BY BOB COLLYMORE
Whenever I set out to speak on a subject that I am passionate about, I always begin with some context. The first element of which is to state, that I am a strong believer in the Kenyan ICT story. A story that has its roots, 15 years ago this year, when retired President Daniel arap Moi signed in to Law the Kenya Communications Act of 1998. This single action was the beginning of the shift from the tightly controlled and largely inefficient ICT sector that characterised the late 90’s to the fully liberalised and competitively robust telecommunications sector that we see today. It transformed the role of ICT from being the preserve of the wealthy and connected Kenyan to that of being an indispensable component of daily life in Kenya.
Ladies and gentlemen, I posit without any hesitation that of all the economic reforms that have occurred in the last couple of decades, the liberalisation of the communications sector, has perhaps had the most positive and catalytic effect on the growth of Kenya’s economy over the last 15 years. I say this, because it is through the expansion of the communications sector,
” that we have empowered SME commerce that links rural and urban communities,
” that we have connected communities that were previously marginalised by their geography; and
” that we have most importantly, made life changing information and knowledge available at the touch of a button to over 30 million Kenyans.
The aspiration to be a top 10 global ICT hub is anchored in our national development blue print, Vision 2030. It is a very external facing aspiration, one that says to the rest of the world, “we are ready to compete with you on the global stage to not only attract ICT centric investment in to our economy , but to be the source of life changing innovation”.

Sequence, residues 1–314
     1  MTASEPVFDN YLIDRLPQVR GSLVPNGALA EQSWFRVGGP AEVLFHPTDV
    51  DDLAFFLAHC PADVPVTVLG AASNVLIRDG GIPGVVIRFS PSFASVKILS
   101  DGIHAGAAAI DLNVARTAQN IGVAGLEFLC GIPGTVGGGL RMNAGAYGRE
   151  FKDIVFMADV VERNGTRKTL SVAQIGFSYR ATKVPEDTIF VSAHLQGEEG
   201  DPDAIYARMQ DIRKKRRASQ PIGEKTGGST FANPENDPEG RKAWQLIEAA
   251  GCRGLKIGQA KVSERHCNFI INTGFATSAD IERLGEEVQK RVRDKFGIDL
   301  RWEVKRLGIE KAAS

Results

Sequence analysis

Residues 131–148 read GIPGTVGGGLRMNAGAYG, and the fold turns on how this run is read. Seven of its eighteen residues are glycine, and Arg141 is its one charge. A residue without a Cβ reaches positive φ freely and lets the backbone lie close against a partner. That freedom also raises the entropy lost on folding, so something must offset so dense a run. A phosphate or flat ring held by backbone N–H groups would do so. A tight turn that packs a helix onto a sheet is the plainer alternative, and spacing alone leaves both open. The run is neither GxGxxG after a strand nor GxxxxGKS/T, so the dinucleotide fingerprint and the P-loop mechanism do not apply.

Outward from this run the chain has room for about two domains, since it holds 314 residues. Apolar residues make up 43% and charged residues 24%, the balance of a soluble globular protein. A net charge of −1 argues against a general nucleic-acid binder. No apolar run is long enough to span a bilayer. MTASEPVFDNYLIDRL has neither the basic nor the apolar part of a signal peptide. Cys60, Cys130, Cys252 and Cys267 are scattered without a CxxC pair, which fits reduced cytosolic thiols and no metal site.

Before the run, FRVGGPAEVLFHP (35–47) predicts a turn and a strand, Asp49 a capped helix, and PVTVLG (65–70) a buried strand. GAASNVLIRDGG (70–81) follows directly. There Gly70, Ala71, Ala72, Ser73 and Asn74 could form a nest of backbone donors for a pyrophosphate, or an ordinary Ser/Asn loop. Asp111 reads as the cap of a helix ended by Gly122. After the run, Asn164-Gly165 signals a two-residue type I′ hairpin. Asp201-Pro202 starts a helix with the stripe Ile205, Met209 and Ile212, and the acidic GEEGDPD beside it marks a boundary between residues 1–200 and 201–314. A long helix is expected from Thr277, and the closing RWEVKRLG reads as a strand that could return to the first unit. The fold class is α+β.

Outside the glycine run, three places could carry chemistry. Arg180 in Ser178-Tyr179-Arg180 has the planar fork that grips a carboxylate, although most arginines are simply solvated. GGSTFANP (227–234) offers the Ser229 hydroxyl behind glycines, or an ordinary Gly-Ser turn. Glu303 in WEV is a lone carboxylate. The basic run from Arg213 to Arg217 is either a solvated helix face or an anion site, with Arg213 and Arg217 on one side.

Beyond the just warm sentiment of the Vision 2030 ambition, we must take a dispassionate and introspective view of the status quo with respect to ICT uptake and investment within the country. This is primarily due to the fact that as country we cannot be seen to be marketing that which we do not consume or promote amongst our own people.
As things stand today the Global ICT Development index compiled by the ITU
(International Telecommunications Union) ranks Kenya as number 114 in the world behind its African peers Egypt and South Africa who are ranked 83rd & 91st respectively. So as far as Africa is concerned, the only thing to fight for is to get ahead of those two countries. The IDI is a global benchmark of the information and communication status and uptake in 160 countries across the world. The IDI utilises a number of globally agreed indicators that can be clustered in to the following three categories that largely revolve around i) access to, ii) usage of and iii) skills available to fully exploit information communication technologies.
From our IDI ranking it’s clear that we have some work to do to become globally competitive as an ICT Hub.